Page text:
Support 100 years of independent journalism.

  1. Politics
13 September 2017updated 09 Sep 2021 5:55pm

The government’s real public sector pay test comes in the autumn

Low-paid families on frozen tax credits also feel squeezed. 

By Dan Tomlinson

One of the main talking points as people digested the shock election result in June was whether years of pay restraint had finally taken its toll on public sector workers, who were making their feelings known at the ballot box. The fate of the pay cap was sealed a few hours after the polling stations closed.

Yesterday, 96 days later, the government confirmed the lifting of the cap. This is welcome news for millions of public sector workers.

Yet while the political pressure to end the cap started on 9 June 2017, the economic pressure has been building for years.

Since 2010, pay rises have consistently failed to keep up with the rising cost of living. A period of ultra-low inflation provided brief respite in 2015. However, that same year the government announced that public sectory pay rises would be capped at 1 per cent for four years, ensuring the pay squeeze would continue through to 2020. The latest pay figures out today show that average public sector pay is now £1,000 a year lower than it was back in 2008.

Of course, the pay squeeze was hardly unique to public sector workers – Britain is on course to experience the worst decade for pay in over two centuries – but it has been longer and deeper than in the private sector. Crucially, this part of the pay squeeze has always been something that, if it so wished, the government could do something about.

Sign up for The New Statesman’s newsletters Tick the boxes of the newsletters you would like to receive. Quick and essential guide to domestic and global politics from the New Statesman's politics team. The New Statesman’s global affairs newsletter, every Monday and Friday. The best of the New Statesman, delivered to your inbox every weekday morning. A handy, three-minute glance at the week ahead in companies, markets, regulation and investment, landing in your inbox every Monday morning. Our weekly culture newsletter – from books and art to pop culture and memes – sent every Friday. A weekly round-up of some of the best articles featured in the most recent issue of the New Statesman, sent each Saturday. A weekly dig into the New Statesman’s archive of over 100 years of stellar and influential journalism, sent each Wednesday. Sign up to receive information regarding NS events, subscription offers & product updates.
I consent to New Statesman Media Group collecting my details provided via this form in accordance with the Privacy Policy

Lifting the cap is big news. Millions of public sector workers will enjoy higher pay rises in the coming years because of this decision, with police and prison officers being the first to benefit. Police officers will receive a 2 per cent pay rise in 2017-18 (half in the form of a one-off bonus). Prison officers will get a 1.7 per cent pay rise too.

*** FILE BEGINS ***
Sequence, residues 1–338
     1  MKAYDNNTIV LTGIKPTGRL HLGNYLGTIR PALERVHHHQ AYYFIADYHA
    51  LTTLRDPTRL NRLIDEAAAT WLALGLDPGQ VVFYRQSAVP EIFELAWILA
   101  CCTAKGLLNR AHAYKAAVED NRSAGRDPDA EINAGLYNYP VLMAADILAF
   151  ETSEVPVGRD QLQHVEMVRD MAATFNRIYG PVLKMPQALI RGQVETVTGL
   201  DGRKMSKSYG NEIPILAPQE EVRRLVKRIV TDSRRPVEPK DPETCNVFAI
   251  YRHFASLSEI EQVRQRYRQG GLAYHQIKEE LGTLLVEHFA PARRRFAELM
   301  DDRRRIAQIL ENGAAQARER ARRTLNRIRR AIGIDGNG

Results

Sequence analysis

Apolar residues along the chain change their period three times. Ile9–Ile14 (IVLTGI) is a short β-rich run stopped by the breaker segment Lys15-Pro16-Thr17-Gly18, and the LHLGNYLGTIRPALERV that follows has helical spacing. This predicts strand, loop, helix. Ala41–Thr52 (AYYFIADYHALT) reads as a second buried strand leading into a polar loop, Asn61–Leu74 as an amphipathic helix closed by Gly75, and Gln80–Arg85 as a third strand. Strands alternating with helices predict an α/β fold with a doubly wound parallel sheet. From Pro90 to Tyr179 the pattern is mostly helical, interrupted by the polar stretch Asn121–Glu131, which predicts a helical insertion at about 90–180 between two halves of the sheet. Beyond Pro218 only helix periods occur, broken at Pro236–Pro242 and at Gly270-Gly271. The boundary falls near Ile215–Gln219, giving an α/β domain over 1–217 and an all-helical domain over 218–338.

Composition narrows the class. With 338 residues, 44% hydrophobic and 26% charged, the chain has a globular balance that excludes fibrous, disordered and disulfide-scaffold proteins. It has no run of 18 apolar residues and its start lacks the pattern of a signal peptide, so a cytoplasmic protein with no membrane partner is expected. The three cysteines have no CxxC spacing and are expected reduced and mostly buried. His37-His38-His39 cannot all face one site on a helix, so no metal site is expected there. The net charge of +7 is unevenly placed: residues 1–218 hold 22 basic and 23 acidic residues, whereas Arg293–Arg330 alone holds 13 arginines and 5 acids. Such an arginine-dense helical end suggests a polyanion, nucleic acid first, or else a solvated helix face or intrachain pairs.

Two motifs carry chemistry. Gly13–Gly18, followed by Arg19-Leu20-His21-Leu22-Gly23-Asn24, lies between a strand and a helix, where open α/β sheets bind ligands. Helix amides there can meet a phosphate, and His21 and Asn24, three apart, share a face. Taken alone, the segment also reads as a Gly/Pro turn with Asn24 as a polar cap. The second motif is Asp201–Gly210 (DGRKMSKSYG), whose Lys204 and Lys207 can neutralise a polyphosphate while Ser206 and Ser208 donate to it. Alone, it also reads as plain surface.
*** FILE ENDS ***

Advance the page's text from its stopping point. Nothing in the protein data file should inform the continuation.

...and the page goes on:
But while the announcement is good news, far bigger tests lie in the coming weeks and months.

First, police and prison officers will still be experiencing falls in their pay this year once we account for inflation, which is currently running at 2.7 per cent. A prison officer on £19,000 this will still see their basic real pay fall by around £100.

Content from our partners
Helping children be safer, smarter, happier internet explorers
Power to the people
How to power the electric vehicle revolution

Second, it only applies to around one in 20 public sector workers. We don’t know how the cap will end for almost all of the public sector.

As well as responding to other pay review bodies, the government will need to announce how it will replace the current policy from 2018-19 onwards (today’s announcement was a backdated pay rise for 2017-18). For that we will have to wait until the Budget on 22 November. So attention now turns to the Chancellor to see how much new money will be available.

Unfortunately for him, public sector workers aren’t the only people who feel they deserve some fiscal slack. The latest inflation figures will have also reminded millions of low and middle income families that their frozen tax credits aren’t stretching as far in the supermarket. Students too are expecting some relief on their debt.

Today marked an important milestone in a change of approach to public sector pay. But the big decisions – and big money – on public sector pay will really get going in the autumn.

Dan Tomlinson is a policy analyst at the Resolution Foundation